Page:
Oliver Cromwell and the Levellers

Maurice Ashley describes how Cromwell and the Levellers both believed in freedom of conscience and political reform; but character and circumstances divided them.

Oliver Cromwell c. 1649 by Robert Walker

Recent research has thrown fresh light on the behaviour of Lieutenant-General Oliver Cromwell M.P., and the movement known as the Levellers, in the critical years 1647-1648 before the execution of King Charles I. It used to be thought that the Levellers were republican democrats with a strong social sense and that they broke with Cromwell because they believed he was betraying the cause of parliamentary democracy by coming to terms, behind their backs, with the conquered royalists.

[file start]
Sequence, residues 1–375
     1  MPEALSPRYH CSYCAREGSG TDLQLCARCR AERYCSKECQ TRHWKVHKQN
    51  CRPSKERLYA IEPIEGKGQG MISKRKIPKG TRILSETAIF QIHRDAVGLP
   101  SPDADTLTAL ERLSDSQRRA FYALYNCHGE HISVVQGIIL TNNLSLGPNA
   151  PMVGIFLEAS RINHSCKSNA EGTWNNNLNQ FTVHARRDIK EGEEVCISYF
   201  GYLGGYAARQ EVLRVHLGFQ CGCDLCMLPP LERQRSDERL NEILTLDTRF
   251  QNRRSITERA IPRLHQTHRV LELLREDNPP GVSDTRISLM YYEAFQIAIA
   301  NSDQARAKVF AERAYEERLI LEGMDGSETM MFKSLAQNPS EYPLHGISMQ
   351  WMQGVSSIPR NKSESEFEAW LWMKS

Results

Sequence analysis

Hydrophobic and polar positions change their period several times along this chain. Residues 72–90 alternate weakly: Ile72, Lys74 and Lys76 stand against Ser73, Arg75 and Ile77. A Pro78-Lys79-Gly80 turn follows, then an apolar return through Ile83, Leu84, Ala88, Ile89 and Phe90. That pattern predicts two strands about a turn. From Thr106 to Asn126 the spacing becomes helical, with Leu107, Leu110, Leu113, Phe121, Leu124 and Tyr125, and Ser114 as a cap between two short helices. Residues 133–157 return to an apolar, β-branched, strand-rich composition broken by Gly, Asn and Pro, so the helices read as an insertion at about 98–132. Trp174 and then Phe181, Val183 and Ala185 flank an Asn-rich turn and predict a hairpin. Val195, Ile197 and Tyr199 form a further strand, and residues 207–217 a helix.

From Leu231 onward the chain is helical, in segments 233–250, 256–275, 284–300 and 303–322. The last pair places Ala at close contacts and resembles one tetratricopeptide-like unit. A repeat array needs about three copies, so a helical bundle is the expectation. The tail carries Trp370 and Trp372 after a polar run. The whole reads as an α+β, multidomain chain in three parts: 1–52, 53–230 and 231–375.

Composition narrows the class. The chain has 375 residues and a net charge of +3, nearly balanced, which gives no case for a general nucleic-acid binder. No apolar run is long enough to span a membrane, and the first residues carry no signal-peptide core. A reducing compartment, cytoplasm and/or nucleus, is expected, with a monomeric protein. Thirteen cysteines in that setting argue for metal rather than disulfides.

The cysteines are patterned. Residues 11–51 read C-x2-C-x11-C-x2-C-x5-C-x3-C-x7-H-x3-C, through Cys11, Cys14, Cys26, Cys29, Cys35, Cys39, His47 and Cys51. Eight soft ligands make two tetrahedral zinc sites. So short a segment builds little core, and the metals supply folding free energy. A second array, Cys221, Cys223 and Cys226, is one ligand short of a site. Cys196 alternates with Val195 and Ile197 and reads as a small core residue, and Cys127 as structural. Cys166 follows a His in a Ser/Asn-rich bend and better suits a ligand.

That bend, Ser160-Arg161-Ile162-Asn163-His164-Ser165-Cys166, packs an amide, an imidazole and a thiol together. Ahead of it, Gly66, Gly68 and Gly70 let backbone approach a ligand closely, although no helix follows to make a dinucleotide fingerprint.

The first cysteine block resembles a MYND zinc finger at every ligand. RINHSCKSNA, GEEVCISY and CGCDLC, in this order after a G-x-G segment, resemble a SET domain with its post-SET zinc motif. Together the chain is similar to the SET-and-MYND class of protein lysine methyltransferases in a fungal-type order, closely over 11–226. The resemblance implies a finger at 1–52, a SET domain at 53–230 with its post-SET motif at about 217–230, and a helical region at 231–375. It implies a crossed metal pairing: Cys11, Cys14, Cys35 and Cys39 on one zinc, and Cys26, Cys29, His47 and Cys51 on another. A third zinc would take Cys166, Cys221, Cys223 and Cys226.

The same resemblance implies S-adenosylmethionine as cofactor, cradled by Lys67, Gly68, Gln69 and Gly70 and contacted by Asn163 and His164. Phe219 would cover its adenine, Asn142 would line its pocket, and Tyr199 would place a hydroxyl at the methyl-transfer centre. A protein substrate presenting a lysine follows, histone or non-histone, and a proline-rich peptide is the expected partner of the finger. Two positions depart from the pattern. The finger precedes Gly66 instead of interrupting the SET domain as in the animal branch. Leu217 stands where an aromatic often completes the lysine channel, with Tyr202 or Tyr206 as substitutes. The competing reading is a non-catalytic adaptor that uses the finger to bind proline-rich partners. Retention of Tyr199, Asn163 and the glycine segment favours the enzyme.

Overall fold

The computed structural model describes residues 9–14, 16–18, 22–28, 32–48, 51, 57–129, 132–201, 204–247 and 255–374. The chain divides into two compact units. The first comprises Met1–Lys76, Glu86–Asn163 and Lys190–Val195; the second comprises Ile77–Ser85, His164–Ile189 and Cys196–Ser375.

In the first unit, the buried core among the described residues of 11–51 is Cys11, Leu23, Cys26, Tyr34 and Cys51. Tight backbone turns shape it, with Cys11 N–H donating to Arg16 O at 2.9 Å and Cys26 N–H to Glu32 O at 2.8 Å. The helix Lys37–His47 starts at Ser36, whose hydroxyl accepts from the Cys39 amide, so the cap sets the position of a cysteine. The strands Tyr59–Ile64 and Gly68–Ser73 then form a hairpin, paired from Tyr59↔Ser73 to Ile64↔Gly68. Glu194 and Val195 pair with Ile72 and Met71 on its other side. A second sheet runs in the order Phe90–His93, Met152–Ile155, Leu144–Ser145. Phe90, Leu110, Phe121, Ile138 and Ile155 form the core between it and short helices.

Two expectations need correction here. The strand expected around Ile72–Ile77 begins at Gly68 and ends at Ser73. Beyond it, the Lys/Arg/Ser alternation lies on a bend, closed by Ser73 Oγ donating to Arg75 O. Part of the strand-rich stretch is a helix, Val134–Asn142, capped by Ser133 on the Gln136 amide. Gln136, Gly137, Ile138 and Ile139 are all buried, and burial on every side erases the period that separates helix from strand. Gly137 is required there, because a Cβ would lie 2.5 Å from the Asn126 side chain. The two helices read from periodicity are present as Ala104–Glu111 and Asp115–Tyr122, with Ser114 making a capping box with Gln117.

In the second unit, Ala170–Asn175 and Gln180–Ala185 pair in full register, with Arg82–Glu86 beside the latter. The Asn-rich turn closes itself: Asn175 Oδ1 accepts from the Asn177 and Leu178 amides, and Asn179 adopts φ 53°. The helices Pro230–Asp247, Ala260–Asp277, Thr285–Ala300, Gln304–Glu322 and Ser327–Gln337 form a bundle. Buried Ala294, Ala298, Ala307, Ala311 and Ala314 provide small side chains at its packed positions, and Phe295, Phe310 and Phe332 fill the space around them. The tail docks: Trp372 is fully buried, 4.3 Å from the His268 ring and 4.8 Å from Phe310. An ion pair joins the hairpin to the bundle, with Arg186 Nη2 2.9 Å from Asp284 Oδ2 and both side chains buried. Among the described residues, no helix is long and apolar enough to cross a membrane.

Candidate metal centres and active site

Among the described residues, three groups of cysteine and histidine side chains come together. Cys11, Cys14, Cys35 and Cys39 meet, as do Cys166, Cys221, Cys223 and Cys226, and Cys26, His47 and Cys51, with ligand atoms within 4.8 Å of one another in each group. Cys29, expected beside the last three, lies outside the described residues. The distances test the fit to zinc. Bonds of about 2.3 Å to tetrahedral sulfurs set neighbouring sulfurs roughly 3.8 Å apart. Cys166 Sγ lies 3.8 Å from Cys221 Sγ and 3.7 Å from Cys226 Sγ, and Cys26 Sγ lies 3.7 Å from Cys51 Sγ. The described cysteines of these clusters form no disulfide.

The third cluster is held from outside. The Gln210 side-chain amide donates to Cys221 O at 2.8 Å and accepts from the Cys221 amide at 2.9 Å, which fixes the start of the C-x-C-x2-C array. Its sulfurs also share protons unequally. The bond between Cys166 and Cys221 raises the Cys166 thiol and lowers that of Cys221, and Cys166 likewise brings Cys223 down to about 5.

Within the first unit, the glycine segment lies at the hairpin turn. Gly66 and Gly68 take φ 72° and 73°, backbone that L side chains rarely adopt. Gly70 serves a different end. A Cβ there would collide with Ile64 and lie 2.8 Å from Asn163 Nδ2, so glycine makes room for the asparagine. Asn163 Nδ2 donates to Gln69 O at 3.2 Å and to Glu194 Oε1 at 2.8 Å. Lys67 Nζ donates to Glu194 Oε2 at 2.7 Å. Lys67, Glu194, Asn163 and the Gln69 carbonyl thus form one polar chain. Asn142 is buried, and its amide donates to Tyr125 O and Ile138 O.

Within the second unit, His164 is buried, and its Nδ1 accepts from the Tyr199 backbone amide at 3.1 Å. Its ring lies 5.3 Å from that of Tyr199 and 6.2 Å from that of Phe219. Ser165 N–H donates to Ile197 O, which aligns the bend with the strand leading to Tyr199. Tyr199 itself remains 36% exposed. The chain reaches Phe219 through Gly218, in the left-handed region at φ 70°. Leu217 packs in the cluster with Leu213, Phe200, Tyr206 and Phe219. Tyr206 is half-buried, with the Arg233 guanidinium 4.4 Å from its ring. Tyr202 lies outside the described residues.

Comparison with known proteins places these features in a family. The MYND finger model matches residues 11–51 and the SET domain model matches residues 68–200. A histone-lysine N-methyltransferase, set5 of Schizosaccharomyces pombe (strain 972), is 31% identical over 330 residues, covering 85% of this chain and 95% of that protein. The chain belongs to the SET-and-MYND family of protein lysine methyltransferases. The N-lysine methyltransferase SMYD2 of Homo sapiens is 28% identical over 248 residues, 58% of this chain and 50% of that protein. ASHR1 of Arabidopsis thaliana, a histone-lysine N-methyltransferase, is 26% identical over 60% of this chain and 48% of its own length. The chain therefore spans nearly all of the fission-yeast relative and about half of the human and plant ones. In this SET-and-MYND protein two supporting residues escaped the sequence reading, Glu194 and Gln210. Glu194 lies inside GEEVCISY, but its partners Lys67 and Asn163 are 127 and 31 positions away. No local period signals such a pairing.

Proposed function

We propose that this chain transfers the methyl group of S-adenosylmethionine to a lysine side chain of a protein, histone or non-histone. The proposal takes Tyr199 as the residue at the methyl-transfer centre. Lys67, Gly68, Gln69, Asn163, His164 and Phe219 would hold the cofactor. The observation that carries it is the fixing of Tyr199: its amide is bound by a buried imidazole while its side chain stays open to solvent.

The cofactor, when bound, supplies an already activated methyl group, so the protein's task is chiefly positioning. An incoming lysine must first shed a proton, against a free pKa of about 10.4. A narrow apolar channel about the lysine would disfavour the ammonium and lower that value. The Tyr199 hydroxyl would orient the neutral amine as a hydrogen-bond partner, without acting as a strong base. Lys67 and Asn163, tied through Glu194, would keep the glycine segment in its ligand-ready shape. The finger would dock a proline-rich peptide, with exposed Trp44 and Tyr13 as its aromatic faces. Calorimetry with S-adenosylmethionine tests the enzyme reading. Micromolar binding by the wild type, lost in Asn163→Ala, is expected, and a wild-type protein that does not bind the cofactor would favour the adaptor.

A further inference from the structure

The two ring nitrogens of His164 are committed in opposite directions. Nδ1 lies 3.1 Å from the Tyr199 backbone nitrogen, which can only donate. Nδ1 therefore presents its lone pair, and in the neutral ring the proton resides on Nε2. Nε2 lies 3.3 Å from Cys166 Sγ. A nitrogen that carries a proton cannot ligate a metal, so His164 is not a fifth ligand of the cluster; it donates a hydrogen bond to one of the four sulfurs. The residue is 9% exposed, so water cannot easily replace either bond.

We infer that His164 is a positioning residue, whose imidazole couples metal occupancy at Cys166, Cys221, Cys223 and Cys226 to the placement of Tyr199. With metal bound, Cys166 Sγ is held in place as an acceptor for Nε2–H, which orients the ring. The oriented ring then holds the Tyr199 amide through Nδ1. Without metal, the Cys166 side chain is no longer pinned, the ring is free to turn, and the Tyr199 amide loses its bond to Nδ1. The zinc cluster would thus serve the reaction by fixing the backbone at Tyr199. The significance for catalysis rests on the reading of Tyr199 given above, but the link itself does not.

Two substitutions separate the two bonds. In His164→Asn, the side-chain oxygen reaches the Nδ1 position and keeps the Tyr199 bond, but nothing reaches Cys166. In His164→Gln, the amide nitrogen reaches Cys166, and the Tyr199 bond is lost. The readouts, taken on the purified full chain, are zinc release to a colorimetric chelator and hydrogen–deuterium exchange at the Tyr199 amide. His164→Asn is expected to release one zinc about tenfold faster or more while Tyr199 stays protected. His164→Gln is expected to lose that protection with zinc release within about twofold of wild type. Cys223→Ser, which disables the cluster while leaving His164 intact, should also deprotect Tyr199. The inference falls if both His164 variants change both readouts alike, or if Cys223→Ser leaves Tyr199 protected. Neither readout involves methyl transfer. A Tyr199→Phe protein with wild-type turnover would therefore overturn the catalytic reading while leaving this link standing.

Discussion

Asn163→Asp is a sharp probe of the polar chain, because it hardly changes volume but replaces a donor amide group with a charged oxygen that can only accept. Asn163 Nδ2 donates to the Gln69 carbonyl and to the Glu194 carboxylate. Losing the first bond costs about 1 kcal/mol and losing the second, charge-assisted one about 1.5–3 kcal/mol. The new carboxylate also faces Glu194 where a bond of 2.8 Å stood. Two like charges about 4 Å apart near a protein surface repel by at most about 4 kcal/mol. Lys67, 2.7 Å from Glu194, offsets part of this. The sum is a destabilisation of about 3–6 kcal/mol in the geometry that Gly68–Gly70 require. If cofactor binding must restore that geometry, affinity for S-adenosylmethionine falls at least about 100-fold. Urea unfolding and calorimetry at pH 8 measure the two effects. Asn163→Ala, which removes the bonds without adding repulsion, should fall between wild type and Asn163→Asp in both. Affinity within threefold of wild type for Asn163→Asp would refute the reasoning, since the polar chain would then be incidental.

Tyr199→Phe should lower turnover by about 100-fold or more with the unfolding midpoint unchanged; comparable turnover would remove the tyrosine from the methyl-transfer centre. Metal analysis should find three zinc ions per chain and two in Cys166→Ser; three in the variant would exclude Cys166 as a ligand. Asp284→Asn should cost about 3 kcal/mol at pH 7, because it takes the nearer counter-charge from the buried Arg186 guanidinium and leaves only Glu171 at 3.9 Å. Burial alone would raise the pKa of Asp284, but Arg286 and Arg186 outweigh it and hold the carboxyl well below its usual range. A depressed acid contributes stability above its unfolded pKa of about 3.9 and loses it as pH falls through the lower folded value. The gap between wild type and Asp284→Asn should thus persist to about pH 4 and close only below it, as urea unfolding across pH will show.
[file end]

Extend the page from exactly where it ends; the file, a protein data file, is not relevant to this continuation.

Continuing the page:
But it now appears that the Levellers were neither republicans nor democrats—at any rate in the modern sense of the term—and that it was they rather than Cromwell who consistently attempted to reach an agreement with the royalists, both before and after the death of Charles I.

To continue reading this article you will need to purchase access to the online archive.

Buy Online Access  Buy Print & Archive Subscription

If you have already purchased access, or are a print & archive subscriber, please ensure you are logged in.

Please email digital@historytoday.com if you have any problems.